US national security concerns nixed the earlier sale to China, so the Dutch company sells to a New York investment firm for about half the price in breaking LED business news.
New York City-based private investment firm Apollo Global Management agreed to pay around $1.5B (billion) for 80.1% of the company, said Philips, which retains a 19.9% stake.
The price is well below the $2.8B that China's GO Scale Capital had agreed to pay almost two years ago, in March 2015.
That deal, also for 80.1% of Lumileds, unraveled in January of this year after the Obama administration's Committee on Foreign Investment in the United States (CFIUS) nixed it, citing national security concerns. Lumileds is based in Amsterdam but has significant manufacturing and development operations in San Jose, CA, which explains CFIUS' involvement.
The new LED business deal values Lumileds at around $2B, including debt. The earlier agreement with GO Scale valued the company at $3.3B.
Philips chief executive Frans van Houten had been warning that Philips would probably settle on a lower price with its next buyer, which has indeed turned out to be the case with Apollo.
Describing the new value as “obviously a setback for us,” van Houten told Bloomberg, “We’re confident that this time it will succeed, as Apollo is an American buyer.”
Philips expects the sale to Apollo to wrap up in the first half of 2017, “subject to customary closing conditions, including the relevant regulatory approvals.”
The company hopes to have better fortunes with regulators the second time around.
CFIUS has never elaborated on exactly what its national security concerns were in blocking the sale to China's GO Scale, which as LEDs Magazine sister publication Lux Review reported had led a convoluted consortium of investors “sponsored” by China's GSR Ventures and Greenwich, CT-based venture capital firm Oak Investment Partners.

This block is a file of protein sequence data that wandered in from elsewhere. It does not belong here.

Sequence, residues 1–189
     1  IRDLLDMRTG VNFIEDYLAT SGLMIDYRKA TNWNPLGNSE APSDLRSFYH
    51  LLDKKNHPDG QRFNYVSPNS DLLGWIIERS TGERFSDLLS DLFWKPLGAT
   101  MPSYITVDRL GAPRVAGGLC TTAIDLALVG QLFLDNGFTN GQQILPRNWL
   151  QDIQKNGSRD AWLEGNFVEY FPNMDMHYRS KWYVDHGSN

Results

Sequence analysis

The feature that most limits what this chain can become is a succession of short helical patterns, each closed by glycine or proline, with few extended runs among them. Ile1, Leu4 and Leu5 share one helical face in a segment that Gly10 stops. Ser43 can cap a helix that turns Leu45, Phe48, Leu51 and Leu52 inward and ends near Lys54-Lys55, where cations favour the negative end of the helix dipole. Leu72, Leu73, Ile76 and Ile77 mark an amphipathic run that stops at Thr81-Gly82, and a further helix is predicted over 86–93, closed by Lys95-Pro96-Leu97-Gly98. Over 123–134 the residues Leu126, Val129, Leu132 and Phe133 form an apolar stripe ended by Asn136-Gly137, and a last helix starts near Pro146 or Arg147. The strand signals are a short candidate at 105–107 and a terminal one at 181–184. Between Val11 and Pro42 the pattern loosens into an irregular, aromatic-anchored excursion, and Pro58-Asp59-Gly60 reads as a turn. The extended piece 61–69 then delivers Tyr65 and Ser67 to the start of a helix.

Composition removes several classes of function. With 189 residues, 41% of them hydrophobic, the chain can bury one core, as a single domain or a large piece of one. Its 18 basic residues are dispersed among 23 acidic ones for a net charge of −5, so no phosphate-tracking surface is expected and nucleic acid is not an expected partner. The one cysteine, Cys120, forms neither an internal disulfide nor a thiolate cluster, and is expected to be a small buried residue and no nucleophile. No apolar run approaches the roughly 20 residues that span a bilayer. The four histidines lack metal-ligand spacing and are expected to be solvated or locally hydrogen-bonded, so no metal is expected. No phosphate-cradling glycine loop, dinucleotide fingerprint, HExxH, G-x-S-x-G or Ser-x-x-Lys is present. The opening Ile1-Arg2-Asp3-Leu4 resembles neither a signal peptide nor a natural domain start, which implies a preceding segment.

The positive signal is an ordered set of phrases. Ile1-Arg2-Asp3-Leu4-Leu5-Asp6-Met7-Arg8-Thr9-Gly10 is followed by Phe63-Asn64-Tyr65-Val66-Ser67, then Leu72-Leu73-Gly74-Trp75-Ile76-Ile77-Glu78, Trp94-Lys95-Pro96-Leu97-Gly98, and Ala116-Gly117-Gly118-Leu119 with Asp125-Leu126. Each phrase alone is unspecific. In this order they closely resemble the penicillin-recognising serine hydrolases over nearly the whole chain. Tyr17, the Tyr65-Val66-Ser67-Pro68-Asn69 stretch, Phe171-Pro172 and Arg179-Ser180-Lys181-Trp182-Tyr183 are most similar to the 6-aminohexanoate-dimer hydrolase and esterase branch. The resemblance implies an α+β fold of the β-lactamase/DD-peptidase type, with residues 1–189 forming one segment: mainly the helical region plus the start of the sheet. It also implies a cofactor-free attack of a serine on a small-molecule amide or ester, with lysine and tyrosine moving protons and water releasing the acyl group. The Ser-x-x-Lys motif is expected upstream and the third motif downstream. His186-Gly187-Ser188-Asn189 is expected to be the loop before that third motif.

The team also included Asia Pacific Resource Development, Nanchang Industrial Group, and GSR Capital. (GSR Capital is a different but related company to GSR Ventures). Between them they had a number of interests, including electric car batteries, which provided synergies with Lumileds' focus on automotive lighting.
Like the aborted GO Scale agreement, the new sale to Apollo also has a convoluted whiff. In announcing the deal, Philips said it is selling Lumileds “to certain funds managed by affiliates of Apollo Global Management, LLC...”
“We are extremely excited about the opportunity for our managed funds to acquire Lumileds,” said Apollo senior partner Robert Seminara. “We look forward to partnering with Philips and the outstanding management team and employee base at Lumileds, and bringing in Apollo’s resources to support the continued growth and innovation of this industry-leading business.”
Lumileds has been operating as a separate legal entity within Royal Philips since early 2015. Royal Philips has been refocusing on healthcare, a process that has included the sale of Lumileds as well as the separation of its general lighting business, Philips Lighting, via an IPO which sold 25% of the lighting group to the public.
“I am convinced that together with the Apollo managed funds, Lumileds will sharpen its focus and accelerate innovation in its leading product portfolio of lighting components,” said Lumileds chief executive Pierre-Yves Lesaicherre. “With our strong R&D programs and intellectual property, we are ready to address the current and future needs of our customers.”
Apollo is a private equity, credit, and real estate specialist whose directors include New England Patriots owner Robert Kraft. It is led by chairman and chief executive Leon Black and by senior managing directors Joshua Harris and Marc Rowan.
Meanwhile, CFIUS, which blocked the first sale of Lumileds, has stopped another corporate acquisition in the LED industry on national security grounds, intervening in the sale of German LED manufacturing equipment maker Aixtron to China's Fujian Grand Chip Investment Fund LP. As LEDs Magazine reported early this month, President Obama was expected to act on CFIUS' advice to block the sale.
After that story appeared, Aixtron issued a statement late last week saying that Obama signed an order prohibiting the sale. “Hence, the public takeover process initiated by GCI has come to end in a way that it cannot be consummated any more,” Aixtron said.
Aixtron is based in Herzogenrath, Germany. It has a significant presence in the US including a research and development center in Sunnyvale, CA.
MARK HALPERis a contributing editor for LEDs Magazine, and an energy, technology, and business journalist ([email protected]).